Yet although pirates operated in symbiotic relationships with nation states, they were eventually declared to be enemies of all states and subject to attack “with impunity by all.” As the author Douglas R. Burgess Jr. explains in “The Dread Pirate Bin Laden”:

“Until 1856, international law recognized only two legal entities: people and states. People were subject to the laws of their own governments; states were subject to the laws made amongst themselves. The Declaration of Paris created a third entity: people who lacked both the individual rights and protections of law for citizens and the legitimacy and sovereignty of states. This understanding of pirates as a legally distinct category of international criminals persists to the present day, and was echoed in the 1958 and 1982 U.N. Conventions on the Law of the Sea. The latter defines the crime of piracy as "any illegal acts of violence or detention, or any act of depredation, committed for private ends." This definition of piracy as private war for private ends may hold the crux of a new legal definition of international terrorists.”

This recognition of pirates as a third legal entity provides much needed clarity to the problem of modern terrorism. What better way to describe terrorism than as “private war for private ends”? It seems absurd to treat the likes of bin Laden with either the respect and dignity of a legitimate military commander, or with the rights and presumed innocence of a domestic citizen charged with specific criminal acts. Belonging to a terrorist organisation should be sufficient cause to render a person enemy of all states.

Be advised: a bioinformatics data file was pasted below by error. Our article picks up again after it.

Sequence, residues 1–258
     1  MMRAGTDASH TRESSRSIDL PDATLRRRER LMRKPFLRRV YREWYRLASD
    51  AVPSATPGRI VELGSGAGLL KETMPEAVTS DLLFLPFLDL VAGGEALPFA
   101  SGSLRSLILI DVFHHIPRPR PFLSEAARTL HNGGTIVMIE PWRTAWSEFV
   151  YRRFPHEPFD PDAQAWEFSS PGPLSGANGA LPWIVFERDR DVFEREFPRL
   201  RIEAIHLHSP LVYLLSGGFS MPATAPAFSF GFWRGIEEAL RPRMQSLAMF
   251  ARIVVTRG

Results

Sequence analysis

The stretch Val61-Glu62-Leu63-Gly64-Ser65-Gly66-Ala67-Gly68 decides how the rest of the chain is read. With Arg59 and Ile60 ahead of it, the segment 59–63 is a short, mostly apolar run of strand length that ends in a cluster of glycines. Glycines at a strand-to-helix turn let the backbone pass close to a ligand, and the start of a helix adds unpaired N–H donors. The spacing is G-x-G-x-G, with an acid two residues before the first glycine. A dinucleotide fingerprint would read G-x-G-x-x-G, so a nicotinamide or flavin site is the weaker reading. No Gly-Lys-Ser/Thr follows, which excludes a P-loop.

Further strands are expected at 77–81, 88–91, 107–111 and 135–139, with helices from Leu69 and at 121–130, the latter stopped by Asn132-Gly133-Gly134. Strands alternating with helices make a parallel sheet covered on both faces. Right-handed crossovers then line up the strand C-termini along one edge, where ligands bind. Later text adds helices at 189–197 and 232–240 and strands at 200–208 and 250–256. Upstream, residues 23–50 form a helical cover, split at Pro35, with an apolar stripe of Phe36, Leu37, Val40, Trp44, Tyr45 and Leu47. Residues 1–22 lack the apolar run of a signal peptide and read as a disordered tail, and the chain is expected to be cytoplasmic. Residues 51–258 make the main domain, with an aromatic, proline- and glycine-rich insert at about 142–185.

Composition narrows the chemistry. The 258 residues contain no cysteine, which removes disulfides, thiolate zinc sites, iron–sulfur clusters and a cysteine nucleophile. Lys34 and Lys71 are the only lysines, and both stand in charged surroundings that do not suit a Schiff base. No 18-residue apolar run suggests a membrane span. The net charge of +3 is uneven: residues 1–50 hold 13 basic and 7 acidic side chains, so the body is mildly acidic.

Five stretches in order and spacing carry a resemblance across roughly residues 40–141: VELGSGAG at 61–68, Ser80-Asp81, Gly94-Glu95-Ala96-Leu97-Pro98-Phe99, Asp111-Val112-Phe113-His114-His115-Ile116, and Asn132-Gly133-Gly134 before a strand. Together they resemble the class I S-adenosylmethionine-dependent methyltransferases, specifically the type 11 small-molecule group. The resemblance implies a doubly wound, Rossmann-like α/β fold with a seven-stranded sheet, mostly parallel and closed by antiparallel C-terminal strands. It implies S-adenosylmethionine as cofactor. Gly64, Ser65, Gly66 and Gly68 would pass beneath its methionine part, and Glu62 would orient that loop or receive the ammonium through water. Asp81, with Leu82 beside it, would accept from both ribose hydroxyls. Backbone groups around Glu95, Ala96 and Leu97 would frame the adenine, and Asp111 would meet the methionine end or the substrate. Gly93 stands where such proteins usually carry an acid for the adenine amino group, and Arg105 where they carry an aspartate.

Yet despite being enemies of all states, it must fall to the prevailing superpower or empire of the day to carry out the destruction of terrorist or pirate organisations. According to Donald Puchala, Professor of International Studies at the University of South Carolina, it was ultimately the British Empire that unilaterally set about destroying piracy during the 19th century. The British Royal Navy:

“continued…to enforce the empire’s anti-piracy policies with vigour, identifying, seeking out and destroying pirates and their sanctuaries in all the oceans of the world right up into the twentieth century. The world was relatively free of large-scale piracy for most of the nineteenth century, because the British government deemed it in the national interest that this should be the case, and the Royal Navy saw to it that it was.”

Likewise, it would fall to the United States to commit itself to the destruction of terrorist networks and bases, wherever they may be found. In the context of this mission, the decision to engage in warfare against hostile regimes is a costly and unnecessary diversion.

Zac Alstin works at the Southern Cross Bioethics Institute in Adelaide, South Australia.